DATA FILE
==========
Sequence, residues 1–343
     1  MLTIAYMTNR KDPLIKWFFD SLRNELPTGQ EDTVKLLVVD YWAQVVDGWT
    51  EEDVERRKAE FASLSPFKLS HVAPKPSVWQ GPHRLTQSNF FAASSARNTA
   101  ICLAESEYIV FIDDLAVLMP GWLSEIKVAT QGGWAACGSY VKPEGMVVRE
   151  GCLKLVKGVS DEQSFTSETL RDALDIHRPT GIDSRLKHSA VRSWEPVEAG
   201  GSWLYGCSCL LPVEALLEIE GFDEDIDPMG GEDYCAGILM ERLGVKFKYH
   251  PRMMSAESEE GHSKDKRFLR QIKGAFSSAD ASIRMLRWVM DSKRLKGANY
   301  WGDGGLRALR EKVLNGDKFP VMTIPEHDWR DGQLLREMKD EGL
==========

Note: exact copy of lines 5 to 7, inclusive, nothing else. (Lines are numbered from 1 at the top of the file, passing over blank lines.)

   151  GCLKLVKGVS DEQSFTSETL RDALDIHRPT GIDSRLKHSA VRSWEPVEAG
   201  GSWLYGCSCL LPVEALLEIE GFDEDIDPMG GEDYCAGILM ERLGVKFKYH
   251  PRMMSAESEE GHSKDKRFLR QIKGAFSSAD ASIRMLRWVM DSKRLKGANY